Bach to the Bronx
It has been my happy custom over the past years to celebrate Holy Thursday at Sacred Heart Parish in Newton Centre where I reside. Then on Good Friday morning I drive to the Bronx, arriving at St. Theresa’s parish for the afternoon Service. On the way I play Johann Sebastian Bach’s “St. John Passion.”
My favorite recording is that sung by the men and boys of New College Oxford, directed by Edward Higginbottom (Naxos), as perhaps coming closest to what was heard in Leipzig in the first half of the eighteenth century.
From the booklet notes of the recording:
Bach’s music played no part in Mozart’s upbringing. He may not even have known of his existence. Johann Christian Bach he knew. Carl Philipp Emmanuel Bach he knew of. But Johann Sebastian? He might have heard him mentioned in passing as their father … It was not until he was at the height of his career that Mozart first came across the music of Johann Sebastian, and it changed his life.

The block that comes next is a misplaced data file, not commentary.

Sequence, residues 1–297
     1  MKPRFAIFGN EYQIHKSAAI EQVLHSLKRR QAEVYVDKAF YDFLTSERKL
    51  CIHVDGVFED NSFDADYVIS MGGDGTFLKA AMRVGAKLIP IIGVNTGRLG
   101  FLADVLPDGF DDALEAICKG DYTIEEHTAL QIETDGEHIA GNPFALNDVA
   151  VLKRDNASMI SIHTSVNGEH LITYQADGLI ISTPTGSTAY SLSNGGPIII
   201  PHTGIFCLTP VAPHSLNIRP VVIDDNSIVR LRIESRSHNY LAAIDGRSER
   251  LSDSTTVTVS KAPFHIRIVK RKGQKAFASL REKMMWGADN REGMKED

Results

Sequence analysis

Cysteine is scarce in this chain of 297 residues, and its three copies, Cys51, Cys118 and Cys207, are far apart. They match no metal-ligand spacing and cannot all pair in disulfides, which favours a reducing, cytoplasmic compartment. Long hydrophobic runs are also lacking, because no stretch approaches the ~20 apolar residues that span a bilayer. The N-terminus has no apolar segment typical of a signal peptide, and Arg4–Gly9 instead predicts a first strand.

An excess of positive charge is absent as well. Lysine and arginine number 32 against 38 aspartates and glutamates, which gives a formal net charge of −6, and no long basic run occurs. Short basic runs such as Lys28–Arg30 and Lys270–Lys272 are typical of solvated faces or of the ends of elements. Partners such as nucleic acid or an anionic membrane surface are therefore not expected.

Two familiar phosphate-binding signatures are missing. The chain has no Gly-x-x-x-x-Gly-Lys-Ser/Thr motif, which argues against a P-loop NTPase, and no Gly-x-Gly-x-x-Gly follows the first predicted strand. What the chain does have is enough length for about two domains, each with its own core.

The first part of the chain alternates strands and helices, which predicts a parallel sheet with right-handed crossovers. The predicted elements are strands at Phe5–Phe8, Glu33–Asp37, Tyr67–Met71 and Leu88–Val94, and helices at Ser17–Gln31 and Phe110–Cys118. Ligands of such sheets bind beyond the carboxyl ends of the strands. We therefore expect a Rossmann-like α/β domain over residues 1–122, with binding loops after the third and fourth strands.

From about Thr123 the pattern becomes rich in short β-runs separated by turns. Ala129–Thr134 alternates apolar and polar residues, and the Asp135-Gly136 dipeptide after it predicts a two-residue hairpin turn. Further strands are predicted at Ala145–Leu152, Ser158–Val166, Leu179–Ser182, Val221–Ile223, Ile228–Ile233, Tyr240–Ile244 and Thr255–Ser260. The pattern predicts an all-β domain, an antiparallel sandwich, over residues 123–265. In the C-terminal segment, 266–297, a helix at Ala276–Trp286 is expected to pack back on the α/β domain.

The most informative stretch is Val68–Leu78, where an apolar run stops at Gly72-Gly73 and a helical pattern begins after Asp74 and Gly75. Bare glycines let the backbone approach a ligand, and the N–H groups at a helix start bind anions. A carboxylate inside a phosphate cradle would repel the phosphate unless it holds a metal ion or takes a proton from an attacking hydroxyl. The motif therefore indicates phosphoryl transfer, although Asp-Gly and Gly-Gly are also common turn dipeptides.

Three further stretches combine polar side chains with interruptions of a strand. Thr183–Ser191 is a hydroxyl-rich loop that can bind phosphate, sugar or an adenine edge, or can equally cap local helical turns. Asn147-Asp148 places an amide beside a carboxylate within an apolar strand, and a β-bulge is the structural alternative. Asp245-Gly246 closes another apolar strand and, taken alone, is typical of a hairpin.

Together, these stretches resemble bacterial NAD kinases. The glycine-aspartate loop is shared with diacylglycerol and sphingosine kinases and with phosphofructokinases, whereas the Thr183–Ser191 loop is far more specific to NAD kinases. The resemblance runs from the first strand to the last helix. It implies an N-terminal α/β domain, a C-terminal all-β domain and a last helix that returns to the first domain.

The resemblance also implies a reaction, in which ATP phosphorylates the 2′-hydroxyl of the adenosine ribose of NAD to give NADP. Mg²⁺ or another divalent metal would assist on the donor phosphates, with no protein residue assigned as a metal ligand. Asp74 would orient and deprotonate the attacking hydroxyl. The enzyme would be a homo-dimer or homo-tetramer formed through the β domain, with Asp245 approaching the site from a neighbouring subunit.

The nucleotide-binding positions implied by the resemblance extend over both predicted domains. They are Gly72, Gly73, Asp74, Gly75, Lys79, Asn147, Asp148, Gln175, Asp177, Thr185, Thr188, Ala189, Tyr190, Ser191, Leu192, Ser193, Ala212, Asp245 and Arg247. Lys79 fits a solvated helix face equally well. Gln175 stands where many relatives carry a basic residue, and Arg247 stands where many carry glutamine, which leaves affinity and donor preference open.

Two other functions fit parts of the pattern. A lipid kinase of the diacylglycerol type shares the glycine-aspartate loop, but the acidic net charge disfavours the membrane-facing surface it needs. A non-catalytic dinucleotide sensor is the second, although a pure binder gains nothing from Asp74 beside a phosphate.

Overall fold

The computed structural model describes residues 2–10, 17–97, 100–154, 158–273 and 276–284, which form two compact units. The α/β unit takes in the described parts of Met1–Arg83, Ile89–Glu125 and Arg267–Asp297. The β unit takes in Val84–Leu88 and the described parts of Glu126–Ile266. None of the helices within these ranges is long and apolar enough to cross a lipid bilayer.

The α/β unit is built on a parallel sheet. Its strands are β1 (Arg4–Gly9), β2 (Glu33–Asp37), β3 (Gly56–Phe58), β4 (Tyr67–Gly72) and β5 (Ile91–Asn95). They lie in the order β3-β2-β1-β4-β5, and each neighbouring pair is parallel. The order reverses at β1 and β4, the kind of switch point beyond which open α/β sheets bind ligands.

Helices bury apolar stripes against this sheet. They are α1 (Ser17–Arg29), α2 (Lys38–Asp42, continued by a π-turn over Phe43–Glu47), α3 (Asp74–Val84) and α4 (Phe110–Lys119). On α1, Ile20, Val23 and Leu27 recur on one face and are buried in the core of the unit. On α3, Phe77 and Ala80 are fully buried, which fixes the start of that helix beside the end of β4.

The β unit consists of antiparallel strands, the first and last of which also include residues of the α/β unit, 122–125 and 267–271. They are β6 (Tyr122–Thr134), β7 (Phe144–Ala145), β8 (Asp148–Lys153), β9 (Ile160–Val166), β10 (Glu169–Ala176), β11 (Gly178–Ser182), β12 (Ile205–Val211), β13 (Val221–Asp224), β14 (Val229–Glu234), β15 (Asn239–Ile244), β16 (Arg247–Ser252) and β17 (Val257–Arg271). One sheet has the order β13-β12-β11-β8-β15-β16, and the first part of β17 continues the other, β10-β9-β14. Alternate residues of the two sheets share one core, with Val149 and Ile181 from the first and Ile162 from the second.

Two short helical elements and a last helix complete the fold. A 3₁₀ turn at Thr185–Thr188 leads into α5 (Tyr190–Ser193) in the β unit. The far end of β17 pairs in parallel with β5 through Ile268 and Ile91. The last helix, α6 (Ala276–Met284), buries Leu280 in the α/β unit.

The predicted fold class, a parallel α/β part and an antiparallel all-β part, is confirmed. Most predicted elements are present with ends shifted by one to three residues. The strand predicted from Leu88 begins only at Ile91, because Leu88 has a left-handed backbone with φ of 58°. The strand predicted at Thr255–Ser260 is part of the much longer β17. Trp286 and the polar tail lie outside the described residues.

It has changed the life of many, by no means all, or even most, of them musicians. The universality of experience reflected in Bach’s music far transcends his own profound religious faith. Yet in one sense, and in one sense only, his faith was his sole limitation as a chronicler of humanity’s inner life: it barred him from despair.
Bach was no stranger to suffering, but taken as a whole his music is suffused by joy, and of a profundity beyond the limits of mere happiness. No composer’s music is so deeply imbued with the spirit and style of dance, and his spirituality was matched, and complemented by his robust physicality.
There are dances aplenty even in a work as awesomely serious and harrowing as the St. John Passion, which ends with a sarabande. Yet there is scarcely a work of his, however slight, however light, that is not consecrated in spirit to the glory of God. His overtly sacred works give us perhaps the most comprehensive portrait of religious experience ever achieved.
The magnificent opening chorus seems to me to sum up the distinctive vision of the Fourth Gospel:
Lord our Redeemer, whose Glory fills the whole earth: show us in this thy passion, that thou, the true Son of God, hast in the deepest humiliation, through all the ages, sovereignly triumphed.